Saturday, June 30, 2012
YALSA Coffee Klatch
Ally Condie wrote Matched (which I really didn't like) and Crossed, Reached is coming out November. She got the idea for this from her time teaching at a high school and chaperoning prom. Her students made sure that everyone was matched up and able to go with a date to prom. I was one of two people that had read the book, the other was a high school librarian who raved the entire time about how much her students love the books. I eventually asked her why she set her story in a utopian/dystopian culture, and she said that she chose to do it in a futurustic setting because she didn't want to do the research of setting it in a a past society and she didn't want to offend a culture.
Ken Oppel has written a lot of middle grade, such as Silverwings and Skybreaker, and he has a new young adult book coming out called Dark Endeavor which is a prequel to Frankenstein about Victor Frankenstein's apprenticeship. He did a lot of research for this book. Drawing his own blueprints and understanding cultural aspects of the time. I would really enjoy reading this book.
Deb Caletti wrote The Story of Us, Stay, and Honey, Baby, Sweetheart. She talked about parent/child relationships, and how they play out in her books and how her own experience with a divided family influences her writing. She's writing her first adult book which will come out sometime next year.
Jessi Kirby is a rather new writer, having written Moonglass and In Honor (which I totally want to read sometime soon). I think she's interesting because she deals a lot with death in her books. Or rather the aftereffects of death on family and friends and what people do to come to grips with their grief. On a rather ironic note, Jessi admitted that she's never really experienced a great loss. But from what I gather, she does a brilliant job of writing about it.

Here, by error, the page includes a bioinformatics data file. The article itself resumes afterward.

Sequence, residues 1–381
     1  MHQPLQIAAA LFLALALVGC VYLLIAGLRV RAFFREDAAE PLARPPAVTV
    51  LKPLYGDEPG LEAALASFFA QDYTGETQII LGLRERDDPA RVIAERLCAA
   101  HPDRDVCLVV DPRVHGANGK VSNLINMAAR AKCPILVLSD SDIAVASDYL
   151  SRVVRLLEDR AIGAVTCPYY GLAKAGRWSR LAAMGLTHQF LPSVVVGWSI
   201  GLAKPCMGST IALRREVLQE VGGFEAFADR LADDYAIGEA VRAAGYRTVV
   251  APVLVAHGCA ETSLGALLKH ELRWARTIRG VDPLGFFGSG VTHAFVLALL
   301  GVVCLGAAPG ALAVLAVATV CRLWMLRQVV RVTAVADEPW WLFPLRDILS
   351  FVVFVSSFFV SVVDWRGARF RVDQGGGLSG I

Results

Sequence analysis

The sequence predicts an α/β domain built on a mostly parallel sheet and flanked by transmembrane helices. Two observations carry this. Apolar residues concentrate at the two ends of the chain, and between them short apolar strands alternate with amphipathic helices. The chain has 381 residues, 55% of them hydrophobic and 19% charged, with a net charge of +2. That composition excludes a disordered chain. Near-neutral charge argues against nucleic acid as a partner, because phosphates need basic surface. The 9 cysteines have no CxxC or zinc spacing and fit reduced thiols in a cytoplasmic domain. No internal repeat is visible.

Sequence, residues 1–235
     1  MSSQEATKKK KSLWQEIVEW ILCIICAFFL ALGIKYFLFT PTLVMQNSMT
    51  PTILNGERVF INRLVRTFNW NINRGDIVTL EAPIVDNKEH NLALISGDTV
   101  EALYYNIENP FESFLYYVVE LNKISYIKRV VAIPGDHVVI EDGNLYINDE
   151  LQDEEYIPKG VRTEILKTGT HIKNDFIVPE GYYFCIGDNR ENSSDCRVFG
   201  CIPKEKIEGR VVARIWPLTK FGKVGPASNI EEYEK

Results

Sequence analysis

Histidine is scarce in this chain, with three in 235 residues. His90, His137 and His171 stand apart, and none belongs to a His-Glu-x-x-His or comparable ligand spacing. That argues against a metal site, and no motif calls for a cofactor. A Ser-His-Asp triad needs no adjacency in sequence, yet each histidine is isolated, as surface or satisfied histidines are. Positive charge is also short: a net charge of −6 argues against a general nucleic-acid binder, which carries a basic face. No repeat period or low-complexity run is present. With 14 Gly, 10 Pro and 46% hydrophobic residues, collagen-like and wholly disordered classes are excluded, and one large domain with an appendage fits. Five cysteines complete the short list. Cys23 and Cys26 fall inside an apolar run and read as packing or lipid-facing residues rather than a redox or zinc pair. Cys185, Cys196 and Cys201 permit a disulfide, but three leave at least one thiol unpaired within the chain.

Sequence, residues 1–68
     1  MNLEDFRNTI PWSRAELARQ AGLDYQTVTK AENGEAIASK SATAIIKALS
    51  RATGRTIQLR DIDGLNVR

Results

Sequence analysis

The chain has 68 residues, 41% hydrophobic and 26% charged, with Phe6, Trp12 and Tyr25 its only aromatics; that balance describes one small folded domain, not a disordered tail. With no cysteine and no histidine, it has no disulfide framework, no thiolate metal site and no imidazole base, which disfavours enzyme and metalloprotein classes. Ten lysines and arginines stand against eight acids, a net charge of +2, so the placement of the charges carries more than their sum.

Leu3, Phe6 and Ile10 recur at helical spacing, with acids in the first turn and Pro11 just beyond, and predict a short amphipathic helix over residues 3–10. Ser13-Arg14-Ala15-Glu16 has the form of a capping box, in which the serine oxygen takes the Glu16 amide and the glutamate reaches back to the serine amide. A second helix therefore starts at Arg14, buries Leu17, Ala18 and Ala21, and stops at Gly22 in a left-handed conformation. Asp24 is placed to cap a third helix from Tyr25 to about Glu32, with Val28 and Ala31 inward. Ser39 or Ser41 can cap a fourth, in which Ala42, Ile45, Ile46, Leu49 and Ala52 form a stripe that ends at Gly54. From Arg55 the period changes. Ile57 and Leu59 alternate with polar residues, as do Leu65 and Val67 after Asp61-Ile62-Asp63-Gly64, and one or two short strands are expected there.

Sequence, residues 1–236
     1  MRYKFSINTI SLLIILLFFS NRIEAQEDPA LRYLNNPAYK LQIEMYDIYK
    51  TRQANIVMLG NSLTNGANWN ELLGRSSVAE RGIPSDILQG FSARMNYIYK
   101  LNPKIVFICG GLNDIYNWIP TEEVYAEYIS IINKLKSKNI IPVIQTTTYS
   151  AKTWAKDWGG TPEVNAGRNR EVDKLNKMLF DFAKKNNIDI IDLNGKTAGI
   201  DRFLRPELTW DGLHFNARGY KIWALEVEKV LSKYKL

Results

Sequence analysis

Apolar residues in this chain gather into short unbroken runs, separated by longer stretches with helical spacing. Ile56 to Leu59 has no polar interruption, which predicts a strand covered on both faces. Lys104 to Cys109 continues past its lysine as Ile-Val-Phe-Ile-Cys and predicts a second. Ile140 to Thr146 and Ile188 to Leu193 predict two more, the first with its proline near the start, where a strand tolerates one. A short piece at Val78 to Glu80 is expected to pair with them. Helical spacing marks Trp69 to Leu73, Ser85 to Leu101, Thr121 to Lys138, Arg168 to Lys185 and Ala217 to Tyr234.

Margarita Engle is a Cuban American and is a Newbery Honor and Pura Belpre Winner. The book that she was mainly talking about was Hurricane Dancers about pirates and the Cuban Native Americans. It has a lot to do with identity and ties in with her own personal lineage. The Wild Book is a series of stories that her grandmother told her about growing up in Cuba, this is also a very personal story because her grandmother grew up dyslexic and Margarita has dedicated it to reluctant readers.
Megan Sayres has just republished her books with an independent publisher. Her newest book is a companion book of historical fiction. The first book is called Anahita’s Woven Riddle, which is a bit like a fairytale and reminds me of Scheherazade, and the companion is a bit darker as it deals with racism and slavery. Megan has been traveling to Uzbekistan since the 1980s and really made sure that it was historically accurate. She also has the agenda to make sure that some literature about the Middle East is positive.
Andrew Smith also sat with us, and I do not mind shouting to the heavens that I think he is magic. I reviewed Marbury Lens two years ago, and Andrew was lovely enough to respond. He published Stick last year, and this year he has Passenger coming out which is the sequel to Marbury Lens. Andrew was kind enough to tell me why he wrote a sequel (I thought it was incredibly strong as a standalone), and he said that he wrote Passengers because that's what his readers wanted. He's amazing.
Stacey Jay wrote Juliet Immortal and has Romeo Redeemed coming out in October. She started writing this because she was an English major and thought that Juliet was a stronger character than portrayed and that Romeo was an untrustworthy character. Romeo and Juliet is not a love story but rather a cautionary tale about obsession. Clever, right? She has a new book coming out in 2013 that is a flip on Beauty and the Beast, that deals with what the role of beauty is when the Beast is female.